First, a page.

A postcard from Norway and tortelloni (quasi) magri

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Last week-end the viking and I, escaped the heat of Caronte and traveled to Norway for a couple of days. Our final destination was a tiny village in the middle of nowhere: Løm, Oppland. Population 2,399 – 16 Celsius.

I love Norway. Everything is mesmerizingly pretty and intimidatingly wild. Each time I visit, I feel an alien who just landed on a foreign planet. The language is part of that feeling: hard on the tongue, R(s) that Norwegians refuse to pronounce and seem to eat with their brunost for breakfast.  Norwegian people sing instead of talking, To the foreign ear, their discussions sound like being in the middle of a La La Land set; you almost feel the urge to dance along. They sound happy even when they fight, which for an Italian is extremely unsettling (almost insulting).

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I have learned a couple of words, of course. I am able to order a coffe with milk, cheer with a dignified Skål, remember the name of the seven cookies a respectful family should have on the Christmas table, thank the host for a great dinner, apologize and say goodbye. Basically the minimum not to be considered a foreign disgrace. But that’s pretty much all. So different from the Geneva international bubble where everyone speaks Franglish or a weird mix of United Nations’ Acronyms and nobody cares about your accent.

When we arrived it was a beautiful rainy day and our 5 hours drive up west felt cosy. After the 30+ degrees of Geneva, the mist and rain drops was a much awaited blessing. It reminded me of early spring days, when you stubbornly face the still wintery temperatures with a lighter jacket because the equinox has passed and fashion demands a change in wardrobe. Maybe that’s why I came to think of borage and ravioli di magro. It is somehow linked to spring and the abundance of new and wild herbs you find on the markets’ banks. Fresh pasta is normally of two kinds, with meat and di magro which means slim, or skinny. I decided to pimp my tortelloni with some ciccia (fat) and a recipe was born.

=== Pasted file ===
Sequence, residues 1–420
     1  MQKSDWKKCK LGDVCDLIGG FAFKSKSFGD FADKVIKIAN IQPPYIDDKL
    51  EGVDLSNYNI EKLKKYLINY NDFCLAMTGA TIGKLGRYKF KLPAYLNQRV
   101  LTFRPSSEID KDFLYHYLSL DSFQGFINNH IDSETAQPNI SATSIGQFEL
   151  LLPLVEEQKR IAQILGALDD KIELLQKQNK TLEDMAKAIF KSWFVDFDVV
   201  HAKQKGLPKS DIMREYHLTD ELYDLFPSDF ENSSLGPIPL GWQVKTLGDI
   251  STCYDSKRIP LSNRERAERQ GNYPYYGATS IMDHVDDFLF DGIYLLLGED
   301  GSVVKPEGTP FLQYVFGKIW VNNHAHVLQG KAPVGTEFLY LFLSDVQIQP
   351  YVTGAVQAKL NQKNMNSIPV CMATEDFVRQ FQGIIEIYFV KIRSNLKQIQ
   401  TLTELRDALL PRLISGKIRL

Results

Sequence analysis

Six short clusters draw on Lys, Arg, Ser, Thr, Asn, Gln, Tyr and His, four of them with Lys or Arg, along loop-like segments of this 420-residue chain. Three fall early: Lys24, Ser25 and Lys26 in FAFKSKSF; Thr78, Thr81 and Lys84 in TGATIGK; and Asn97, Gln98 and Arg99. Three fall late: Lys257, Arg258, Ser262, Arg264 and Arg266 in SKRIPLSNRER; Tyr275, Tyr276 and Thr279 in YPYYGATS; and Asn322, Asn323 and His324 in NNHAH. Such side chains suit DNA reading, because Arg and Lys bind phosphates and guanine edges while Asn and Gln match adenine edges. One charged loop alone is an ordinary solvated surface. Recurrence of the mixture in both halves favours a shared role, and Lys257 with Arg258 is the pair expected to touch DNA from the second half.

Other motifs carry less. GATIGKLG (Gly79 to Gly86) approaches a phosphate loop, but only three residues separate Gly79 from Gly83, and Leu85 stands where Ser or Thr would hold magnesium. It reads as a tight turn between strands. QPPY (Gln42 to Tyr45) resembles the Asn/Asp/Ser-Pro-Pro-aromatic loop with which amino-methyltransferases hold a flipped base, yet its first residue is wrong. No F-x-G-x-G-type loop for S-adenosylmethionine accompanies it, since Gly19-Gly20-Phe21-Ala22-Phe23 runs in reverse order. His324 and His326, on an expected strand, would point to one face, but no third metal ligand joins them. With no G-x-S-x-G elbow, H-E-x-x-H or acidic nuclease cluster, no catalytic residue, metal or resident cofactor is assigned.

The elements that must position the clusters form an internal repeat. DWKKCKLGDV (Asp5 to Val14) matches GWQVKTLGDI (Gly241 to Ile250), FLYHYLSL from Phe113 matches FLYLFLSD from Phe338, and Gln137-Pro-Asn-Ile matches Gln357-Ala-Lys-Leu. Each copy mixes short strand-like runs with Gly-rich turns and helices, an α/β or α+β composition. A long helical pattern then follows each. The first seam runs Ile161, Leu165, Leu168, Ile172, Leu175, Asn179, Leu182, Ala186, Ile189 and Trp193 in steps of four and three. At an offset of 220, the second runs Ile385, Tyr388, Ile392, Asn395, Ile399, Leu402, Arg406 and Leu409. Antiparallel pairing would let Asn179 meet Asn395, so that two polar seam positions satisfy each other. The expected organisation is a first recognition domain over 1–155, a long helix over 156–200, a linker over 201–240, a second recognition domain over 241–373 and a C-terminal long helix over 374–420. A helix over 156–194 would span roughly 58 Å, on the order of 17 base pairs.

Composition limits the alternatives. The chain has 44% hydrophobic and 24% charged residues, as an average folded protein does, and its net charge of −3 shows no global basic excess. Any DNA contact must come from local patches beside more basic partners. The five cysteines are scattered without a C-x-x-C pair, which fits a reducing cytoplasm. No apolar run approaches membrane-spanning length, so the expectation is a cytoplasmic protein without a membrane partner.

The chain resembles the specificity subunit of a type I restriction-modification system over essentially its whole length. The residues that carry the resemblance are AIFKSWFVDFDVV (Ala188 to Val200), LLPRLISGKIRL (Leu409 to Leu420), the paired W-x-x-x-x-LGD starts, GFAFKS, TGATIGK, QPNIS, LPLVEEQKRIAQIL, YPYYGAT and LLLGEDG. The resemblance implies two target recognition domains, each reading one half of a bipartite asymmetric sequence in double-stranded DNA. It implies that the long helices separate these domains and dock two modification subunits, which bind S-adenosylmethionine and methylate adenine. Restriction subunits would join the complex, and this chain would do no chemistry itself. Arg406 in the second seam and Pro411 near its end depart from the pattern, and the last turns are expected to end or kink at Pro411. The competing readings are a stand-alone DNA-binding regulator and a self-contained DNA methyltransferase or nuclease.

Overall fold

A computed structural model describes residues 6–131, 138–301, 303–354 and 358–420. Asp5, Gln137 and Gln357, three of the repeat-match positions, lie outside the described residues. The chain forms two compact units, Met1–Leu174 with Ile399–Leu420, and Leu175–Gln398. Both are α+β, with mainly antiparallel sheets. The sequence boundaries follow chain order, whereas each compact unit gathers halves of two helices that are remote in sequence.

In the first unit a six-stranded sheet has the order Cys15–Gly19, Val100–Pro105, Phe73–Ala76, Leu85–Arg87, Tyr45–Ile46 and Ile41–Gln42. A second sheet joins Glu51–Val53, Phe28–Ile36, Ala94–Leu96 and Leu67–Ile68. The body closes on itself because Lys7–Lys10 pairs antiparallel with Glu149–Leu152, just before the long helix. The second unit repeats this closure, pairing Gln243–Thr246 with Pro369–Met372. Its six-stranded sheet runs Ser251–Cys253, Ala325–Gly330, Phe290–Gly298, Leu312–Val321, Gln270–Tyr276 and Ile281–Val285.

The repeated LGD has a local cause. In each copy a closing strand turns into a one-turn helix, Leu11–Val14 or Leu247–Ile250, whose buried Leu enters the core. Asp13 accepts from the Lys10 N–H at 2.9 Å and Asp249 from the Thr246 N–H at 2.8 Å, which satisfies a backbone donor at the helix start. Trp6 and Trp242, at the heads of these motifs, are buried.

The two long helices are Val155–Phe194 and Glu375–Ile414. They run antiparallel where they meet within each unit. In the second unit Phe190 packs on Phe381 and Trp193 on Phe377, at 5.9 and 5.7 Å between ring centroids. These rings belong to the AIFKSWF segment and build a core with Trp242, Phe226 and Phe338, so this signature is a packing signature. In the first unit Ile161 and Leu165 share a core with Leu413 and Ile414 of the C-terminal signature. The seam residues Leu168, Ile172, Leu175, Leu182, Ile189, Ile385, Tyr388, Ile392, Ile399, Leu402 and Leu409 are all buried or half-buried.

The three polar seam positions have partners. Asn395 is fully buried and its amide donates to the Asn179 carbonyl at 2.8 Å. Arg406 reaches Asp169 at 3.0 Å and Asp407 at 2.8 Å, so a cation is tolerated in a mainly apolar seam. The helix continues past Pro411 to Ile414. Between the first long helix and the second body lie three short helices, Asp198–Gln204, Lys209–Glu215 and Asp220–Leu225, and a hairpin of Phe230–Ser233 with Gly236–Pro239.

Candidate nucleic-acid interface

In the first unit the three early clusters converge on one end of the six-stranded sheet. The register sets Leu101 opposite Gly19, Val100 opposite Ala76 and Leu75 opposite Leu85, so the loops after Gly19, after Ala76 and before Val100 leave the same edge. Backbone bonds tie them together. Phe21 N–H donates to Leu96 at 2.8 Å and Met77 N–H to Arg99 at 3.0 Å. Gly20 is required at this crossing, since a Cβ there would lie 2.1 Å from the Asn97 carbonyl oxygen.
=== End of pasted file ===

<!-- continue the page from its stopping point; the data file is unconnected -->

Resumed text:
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Tortelloni di magro with ricotta cheese and borage (3 people)

For the pasta 

100 gr durum wheat flour

100 gr white flour

2 eggs

salt

Mix the two flours with salt in a bowl. Make a hole in the middle and add two eggs. Start bringing together the dough until it becomes a ball. Now, you can put the dough into a standing mixer with the kneading attachment (like I did) and let the machine knead for 10 minutes or use your hands and knead for at least 15 minutes and until the dough becomes elastic and smooth. Wrap in clear film and let it rest for minimum 30 minutes maximum 2 hours (I let mine rest one hour). When ready roll the dough until you can see your hand through it (3 millimeters). Cut some squares out of the pasta sheet. Remember :throughout this process the pasta dough and sheets must always be covered by some clean film to prevent dryness.

For the filling

200 gr borage

180 gr ricotta cheese

100 gr pecorino romano (grated)

salt

pepper

a pinch of nutmeg

Wash the borage and boil it in water until it becomes dark green. When the water boils again, count  6 -7 minutes. Drain the greens, squeeze out the excess water, chop it and when cold, put it into a bowl with all the ingredients. Mix it well. Cover and let it rest for 30 min.

For the sauce

2 Italian style sausages

250 gr cherry tomatoes diced

garlic (two cloves)

olive oil EVO

half a glass of white wine

fennel seeds

salt and pepper

Put some EVO Oil in a pan with the garlic. Fry for a couple of minutes until soft, but not burned(!!). Remove the wrap from the sausages and cut the meat in small pieces. Brown the meat. Add the fennel seeds and after a few minutes add the white wine. Let it evaporate. Add the diced cherry tomatoes, salt and pepper and cook covered for 25-30 minutes.

Assembling

confit tomatoes (optional)

Narstutium, flours and leaves (any other edible flowers or nothing at all)

Pecorino cheese

Fill the squares of pasta with half a teaspoon of filling. Follow this process on how to close and shape the tortelloni. Remember: wet the borders of the pasta sheet before closing. It will prevent the tortelloni from opening while you cook them. When done,  lay them on a tray previously dusted with some flour or semolina, otherwise they will stick to the tray.

Put some water to the boil. Add some salt and olive oil (the oil prevents fresh pasta from sticking). When the water is boiling, delicately add the tortelloni. Cook for 4-5 minutes and then drain them with a holed spoon. Assemble your dish: put some sauce on the plate and the tortelloni on top of it, add some more pecorino and, if you wish, some confit tomatoes. Decorate with some edible flowers and voilà!

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